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'I never thought we'd pull away at 17-0': O'Connell pleased with Irish resilience

The captain did get a sense of satisfaction from Ireland’s second half performance.

Image: Dan Sheridan/INPHO

IRELAND CAPTAIN PAUL O’Connell was satisfied with the manner in which Ireland closed out today’s 26 – 23 Test victory over Australia, but found plenty of room for improvement in the first half.

Though Joe Schmidt was absent from the post-match discussion, the skipper certainly followed on a common theme of the head coach. The Kiwi had complained about the concession of a late try in the win over the Springboks a fortnight ago, and with supporters still haunted by the last-gasp loss to New Zealand a year ago, O’Connell singled out the final part of the performance as the one that pleased him most.

“We were a lot happier with the way we finished,” said the second row, “I think it’s something we haven’t done. Between the New Zealand game, France and South Africa two weeks ago, we haven’t finished a game well.”

Eking out a tight victory in the second half after the free for all in the opening 40 was made all the more pleasing to the 35-year-old due to the quality of the opposition. And with the Green and Gold bench able to unleash Will Genia, Will Skelton, Quade Cooper and Kurtley Beale, there was no let-up from Michael Cheika’s side.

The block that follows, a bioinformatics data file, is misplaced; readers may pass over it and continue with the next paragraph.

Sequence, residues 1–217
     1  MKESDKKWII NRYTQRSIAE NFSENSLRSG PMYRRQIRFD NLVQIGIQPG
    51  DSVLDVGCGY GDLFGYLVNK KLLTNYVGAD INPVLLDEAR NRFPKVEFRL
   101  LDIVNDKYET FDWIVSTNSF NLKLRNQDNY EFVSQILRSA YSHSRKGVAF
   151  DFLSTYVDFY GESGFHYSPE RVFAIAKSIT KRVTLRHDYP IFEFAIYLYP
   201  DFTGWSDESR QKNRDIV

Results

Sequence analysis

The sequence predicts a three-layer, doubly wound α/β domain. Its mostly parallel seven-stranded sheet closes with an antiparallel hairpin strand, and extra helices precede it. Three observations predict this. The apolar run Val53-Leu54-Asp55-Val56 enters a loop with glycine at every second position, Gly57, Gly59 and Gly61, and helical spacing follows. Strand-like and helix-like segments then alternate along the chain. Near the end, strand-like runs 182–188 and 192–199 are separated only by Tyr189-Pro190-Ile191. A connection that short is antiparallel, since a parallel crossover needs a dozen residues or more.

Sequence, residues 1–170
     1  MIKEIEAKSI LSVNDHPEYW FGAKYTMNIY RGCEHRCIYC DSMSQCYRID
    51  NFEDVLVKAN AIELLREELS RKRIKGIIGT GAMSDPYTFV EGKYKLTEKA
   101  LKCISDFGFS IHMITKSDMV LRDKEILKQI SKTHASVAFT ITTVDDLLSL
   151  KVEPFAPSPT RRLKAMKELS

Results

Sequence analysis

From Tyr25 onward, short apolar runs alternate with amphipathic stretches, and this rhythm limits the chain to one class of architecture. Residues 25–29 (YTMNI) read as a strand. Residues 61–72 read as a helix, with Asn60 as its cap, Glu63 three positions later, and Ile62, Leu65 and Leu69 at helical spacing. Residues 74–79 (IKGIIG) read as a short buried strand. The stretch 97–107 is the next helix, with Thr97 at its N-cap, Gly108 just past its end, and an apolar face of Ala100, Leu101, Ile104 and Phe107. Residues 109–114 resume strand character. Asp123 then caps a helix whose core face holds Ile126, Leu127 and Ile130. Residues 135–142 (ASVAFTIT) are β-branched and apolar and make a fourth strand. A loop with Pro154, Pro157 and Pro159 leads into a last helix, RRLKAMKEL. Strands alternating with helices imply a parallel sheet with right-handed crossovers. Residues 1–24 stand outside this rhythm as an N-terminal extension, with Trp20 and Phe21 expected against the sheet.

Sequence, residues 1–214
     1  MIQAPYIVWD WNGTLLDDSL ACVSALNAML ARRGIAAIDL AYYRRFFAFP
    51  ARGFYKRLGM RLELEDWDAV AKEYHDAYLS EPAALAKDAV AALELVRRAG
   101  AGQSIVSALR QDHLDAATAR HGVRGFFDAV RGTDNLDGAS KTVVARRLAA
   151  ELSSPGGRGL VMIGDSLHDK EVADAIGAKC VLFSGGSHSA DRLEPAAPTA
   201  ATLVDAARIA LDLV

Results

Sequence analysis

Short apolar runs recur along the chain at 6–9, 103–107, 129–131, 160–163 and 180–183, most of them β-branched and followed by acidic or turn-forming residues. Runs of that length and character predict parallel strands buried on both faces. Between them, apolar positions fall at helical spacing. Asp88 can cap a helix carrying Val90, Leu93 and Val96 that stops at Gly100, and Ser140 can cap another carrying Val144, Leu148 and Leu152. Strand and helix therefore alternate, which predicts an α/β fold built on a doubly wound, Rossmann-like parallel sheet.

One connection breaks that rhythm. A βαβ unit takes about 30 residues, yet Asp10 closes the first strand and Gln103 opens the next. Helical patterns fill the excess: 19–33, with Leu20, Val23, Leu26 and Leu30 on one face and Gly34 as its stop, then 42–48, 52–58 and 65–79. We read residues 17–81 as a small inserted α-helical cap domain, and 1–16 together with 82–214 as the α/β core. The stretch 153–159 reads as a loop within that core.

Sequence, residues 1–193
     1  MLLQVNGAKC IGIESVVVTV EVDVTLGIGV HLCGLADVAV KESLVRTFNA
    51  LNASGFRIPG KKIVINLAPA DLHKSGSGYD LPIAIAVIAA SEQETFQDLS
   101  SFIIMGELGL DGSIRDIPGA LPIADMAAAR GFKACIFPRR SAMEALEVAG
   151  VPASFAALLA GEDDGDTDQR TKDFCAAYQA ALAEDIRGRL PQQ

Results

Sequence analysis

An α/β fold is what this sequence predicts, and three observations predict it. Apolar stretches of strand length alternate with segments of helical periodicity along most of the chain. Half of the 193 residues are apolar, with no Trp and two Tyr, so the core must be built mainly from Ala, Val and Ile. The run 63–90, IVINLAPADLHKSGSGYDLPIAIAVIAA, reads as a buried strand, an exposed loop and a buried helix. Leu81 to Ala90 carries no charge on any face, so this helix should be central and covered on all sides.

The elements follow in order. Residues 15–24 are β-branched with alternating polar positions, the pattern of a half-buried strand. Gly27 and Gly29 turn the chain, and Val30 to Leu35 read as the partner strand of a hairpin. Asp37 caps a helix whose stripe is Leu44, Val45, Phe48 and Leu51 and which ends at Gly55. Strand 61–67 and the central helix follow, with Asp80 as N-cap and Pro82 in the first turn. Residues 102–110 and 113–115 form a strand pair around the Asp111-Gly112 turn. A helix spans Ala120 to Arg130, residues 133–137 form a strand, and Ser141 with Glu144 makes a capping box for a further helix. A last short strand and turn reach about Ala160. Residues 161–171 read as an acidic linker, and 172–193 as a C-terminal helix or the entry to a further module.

Paul O'Connell thanks referee Glen Jackson Source: Colm O'Neill/INPHO

“For us to be able to defend the way we did and not give them any easy outs it was very satisfying. Certainly from that point of view, from the South Africa game, the France game, that’s an improvement and a step forward.”

The obvious problem with Ireland’s latest win over a southern hemisphere super power was that the home side managed to squander their lead so quickly after racking up 17 points in the opening 16 minutes.

“They’re not just a clever team,” O’Connell said of the Wallabies, “they’re actually really big and really fast as well. They hurt us.

“I didn’t think for an instant at 17 – 0 we were going to pull away or anything like that, but you’d like to have been a bit tighter on what we did - I would have liked us to be a bit safer and recycle a bit more at that stage but we let them back in.”

After Ireland carded notably low offload stats so far this month – including a zero against South Africa – Simon Zebo’s failed attempt to pass out of a tackle was notable even before Nick Phipps punished the error with the Wallabies’ opening try.

“We’ll back our players to play what they see,” said defence coach Les Kiss.

We still could have made the tackles that mattered in that moment. Certainly we’re not about being frivolous with the ball, but we also back our players to play if we see the opportunities.

“We could have been better in how we closed them off and [not] offered them access to that type of game. But as Paulie said, perhaps we could have played it fractionally safer at times, just to recycle and put the ball where we wanted it rather than making it loose and giving them the ball they like.”

– First published 21.05, 22 Nov

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Sean Farrell

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